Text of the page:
We just... prayed.
I have this friend. He's been majoring in something that isn't his passion. So he fasts. For two days, he chooses not to eat or speak. Then he prays about it all, and God seems to give him an answer. It's an affirmation that he is free to pursue another major.
Two days later, he eats lunch with his parents, and everything comes apart. His parents, though Christian, can't understand why he spends so much time in prayer or fellowship. Why would he allow a simple prayer, a simple feeling, to throw off his path to academic and career success? Rather than affirming him, they take every Biblical principle and turned it against him.
When I meet him that night, he is in such pain and sadness that all I can do is hold him and listen. He demands from God, through tears and sobbing, to know if He is still the God who saved him. He demands to know if He is still the God who rescued him from depression. How, then, could they tell him not to seek after God? We pray like crazy that night over his identity as a child of the Lord.
We just... kept praying.
A few days later, we meet again for our ministry team. As we pray over one another, he struggles. He lays hands on the people we're praying for, says a quick word, and stops because he can't seem to pray. There's no more sadness left. He's just so angry, he says.
My apartment's lounge, nothing more than just a meeting space moments earlier, becomes a war room. We surround our brother in prayer. For an hour, we do nothing but pray. Our voices rise and fall in concert as though directed by the Spirit. There are individuals who speak visions and truths over him. I share with him my own.
There is only one prayer that comes from my mouth. I feel compelled to pray for God to restore the identity of His son. Others pray for more things. We pray until we can't pray for much longer.
A call comes through to our friend's phone. It's his mom.
This must be the moment, we all say to ourselves. We prayed, and God will answer! So we listen to the conversation play out. Our friend is bold as he tell his parents about how hurt he is, his present circumstances, and what he wants to do. I hear the parents bitterly arguing back. I listen as coldness sets into my friend's voice as he realizes he's getting nowhere. God will make you suffer if you follow Him, his father says, that's why you must continue down this road despite it's hardship.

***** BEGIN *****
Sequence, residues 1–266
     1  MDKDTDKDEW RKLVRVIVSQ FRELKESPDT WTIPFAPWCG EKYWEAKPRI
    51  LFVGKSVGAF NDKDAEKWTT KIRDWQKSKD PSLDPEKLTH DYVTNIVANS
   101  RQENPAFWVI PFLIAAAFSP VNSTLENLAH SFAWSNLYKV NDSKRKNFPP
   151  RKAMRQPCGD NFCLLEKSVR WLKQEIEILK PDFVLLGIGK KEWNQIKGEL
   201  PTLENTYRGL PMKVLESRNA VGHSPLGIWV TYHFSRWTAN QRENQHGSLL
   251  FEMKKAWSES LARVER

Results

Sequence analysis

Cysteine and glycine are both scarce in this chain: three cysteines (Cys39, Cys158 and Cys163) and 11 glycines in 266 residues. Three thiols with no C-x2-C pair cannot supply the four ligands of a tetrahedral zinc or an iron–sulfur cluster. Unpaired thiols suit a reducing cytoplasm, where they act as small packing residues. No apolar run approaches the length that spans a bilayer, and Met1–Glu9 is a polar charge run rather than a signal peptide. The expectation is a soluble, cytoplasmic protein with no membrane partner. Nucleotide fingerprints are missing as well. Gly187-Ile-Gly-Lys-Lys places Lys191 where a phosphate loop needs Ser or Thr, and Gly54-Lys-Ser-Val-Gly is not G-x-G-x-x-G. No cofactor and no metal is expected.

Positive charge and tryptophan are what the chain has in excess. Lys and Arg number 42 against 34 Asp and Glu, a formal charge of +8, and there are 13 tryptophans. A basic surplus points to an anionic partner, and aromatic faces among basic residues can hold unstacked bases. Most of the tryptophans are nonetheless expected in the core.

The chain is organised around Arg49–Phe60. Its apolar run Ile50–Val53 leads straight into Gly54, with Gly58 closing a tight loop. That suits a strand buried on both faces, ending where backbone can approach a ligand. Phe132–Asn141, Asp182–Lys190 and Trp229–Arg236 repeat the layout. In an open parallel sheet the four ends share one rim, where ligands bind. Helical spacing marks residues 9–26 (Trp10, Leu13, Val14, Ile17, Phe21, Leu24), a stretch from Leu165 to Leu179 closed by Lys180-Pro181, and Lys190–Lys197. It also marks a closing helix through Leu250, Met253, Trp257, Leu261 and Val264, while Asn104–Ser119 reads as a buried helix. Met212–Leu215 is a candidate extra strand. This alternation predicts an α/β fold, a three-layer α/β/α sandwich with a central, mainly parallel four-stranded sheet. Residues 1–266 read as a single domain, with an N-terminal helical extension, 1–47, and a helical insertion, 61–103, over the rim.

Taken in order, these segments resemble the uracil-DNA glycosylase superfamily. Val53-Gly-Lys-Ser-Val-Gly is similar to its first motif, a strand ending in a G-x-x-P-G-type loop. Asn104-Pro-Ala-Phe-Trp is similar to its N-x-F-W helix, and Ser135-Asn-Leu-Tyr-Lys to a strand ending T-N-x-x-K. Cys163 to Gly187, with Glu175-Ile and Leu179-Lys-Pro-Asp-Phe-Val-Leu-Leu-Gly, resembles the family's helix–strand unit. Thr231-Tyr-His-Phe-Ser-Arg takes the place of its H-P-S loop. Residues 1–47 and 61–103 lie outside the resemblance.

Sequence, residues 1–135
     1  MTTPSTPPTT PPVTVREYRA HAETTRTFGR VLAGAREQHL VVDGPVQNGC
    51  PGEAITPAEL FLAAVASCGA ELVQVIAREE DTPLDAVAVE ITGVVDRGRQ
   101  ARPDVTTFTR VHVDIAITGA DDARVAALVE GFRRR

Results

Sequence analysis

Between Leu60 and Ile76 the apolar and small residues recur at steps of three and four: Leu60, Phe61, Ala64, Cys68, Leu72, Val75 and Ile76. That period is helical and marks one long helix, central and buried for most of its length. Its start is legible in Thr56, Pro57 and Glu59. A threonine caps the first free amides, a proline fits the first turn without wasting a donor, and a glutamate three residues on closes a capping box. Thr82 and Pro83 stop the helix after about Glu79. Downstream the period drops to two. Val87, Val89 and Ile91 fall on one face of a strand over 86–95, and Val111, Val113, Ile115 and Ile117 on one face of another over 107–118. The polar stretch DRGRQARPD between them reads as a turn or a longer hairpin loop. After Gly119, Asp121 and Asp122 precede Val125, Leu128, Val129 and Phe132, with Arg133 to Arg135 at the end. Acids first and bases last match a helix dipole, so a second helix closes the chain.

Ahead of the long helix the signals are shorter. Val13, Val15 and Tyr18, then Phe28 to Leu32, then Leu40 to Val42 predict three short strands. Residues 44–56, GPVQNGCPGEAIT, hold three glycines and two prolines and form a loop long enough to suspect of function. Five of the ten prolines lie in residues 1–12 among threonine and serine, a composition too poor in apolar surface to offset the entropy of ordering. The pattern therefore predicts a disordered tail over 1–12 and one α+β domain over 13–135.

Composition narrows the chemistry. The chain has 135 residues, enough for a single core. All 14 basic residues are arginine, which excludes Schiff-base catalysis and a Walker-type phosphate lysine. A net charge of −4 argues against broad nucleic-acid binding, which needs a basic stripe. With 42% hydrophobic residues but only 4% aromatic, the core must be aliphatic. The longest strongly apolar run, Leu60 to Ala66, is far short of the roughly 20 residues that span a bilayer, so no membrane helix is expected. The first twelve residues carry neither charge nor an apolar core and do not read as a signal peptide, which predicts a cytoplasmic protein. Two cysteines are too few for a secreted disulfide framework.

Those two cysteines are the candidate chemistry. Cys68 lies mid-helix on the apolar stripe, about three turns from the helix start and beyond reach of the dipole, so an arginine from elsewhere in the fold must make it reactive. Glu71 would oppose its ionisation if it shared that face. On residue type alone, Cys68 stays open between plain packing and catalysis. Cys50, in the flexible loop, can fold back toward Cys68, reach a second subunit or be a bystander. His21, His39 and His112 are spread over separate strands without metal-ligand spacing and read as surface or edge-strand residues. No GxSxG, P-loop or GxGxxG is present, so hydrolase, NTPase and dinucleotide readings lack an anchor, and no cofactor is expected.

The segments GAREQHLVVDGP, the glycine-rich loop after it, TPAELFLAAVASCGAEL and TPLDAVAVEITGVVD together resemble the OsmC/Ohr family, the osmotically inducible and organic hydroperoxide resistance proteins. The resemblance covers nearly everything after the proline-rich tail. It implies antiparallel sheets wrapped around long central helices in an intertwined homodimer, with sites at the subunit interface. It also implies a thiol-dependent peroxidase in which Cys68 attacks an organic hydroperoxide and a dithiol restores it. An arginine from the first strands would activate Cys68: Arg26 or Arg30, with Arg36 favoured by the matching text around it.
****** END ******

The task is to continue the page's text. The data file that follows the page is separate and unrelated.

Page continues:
We stopped praying.
What more could we do for the night? God wouldn't heal this in a night, we say to ourselves. All in good time, we assure him and each other. My friend sat there disheartened that all we seemed to have done for that night seemed to be for nothing. It was still the same old grievances.
Another call comes through. It's his dad.
“I want you to know that your father is a bad man,” his dad says. “I'm sorry for trying to take God's place in your life. I now know why you were in such pain. I want you to pursue your dreams, and I want you to know that I'm proud of you.”
We prayed for an hour that night. Our American faith taught us to say, "God will work in His own time" rather than "Our God is faithful, He will deliver us NOW." Yet the power of our prayers was not in the quality of our faith or the length of our prayers, but the One to whom we prayed. God changed things.
We're praying bigger now.
How big is your God? How real is your God? When you go to Urbana, BEFORE you go to Urbana, I want you to ask yourself that. Is your God bigger than your next exam? Is your God bigger than your current circumstances? Is your God real enough for your unbelieving friend? Is He big enough for all the nations to know?
We get so accustomed to seeing God in the small details of our lives. We get worked up when God makes Himself known in the smallest ways at our worship nights. And He's worth all of that. But our God is big. And He is also a good, good Father. He wants to meet us intimately and give us good gifts. So what will we ask?
We're meeting with sixteen thousand believers at Urbana this year to talk about missions, to talk about how we will join in with what God is doing across the world. So what will we ask? Let our God be big enough, our faith bold enough, to ask Him for the nations. And I believe He will give them to us.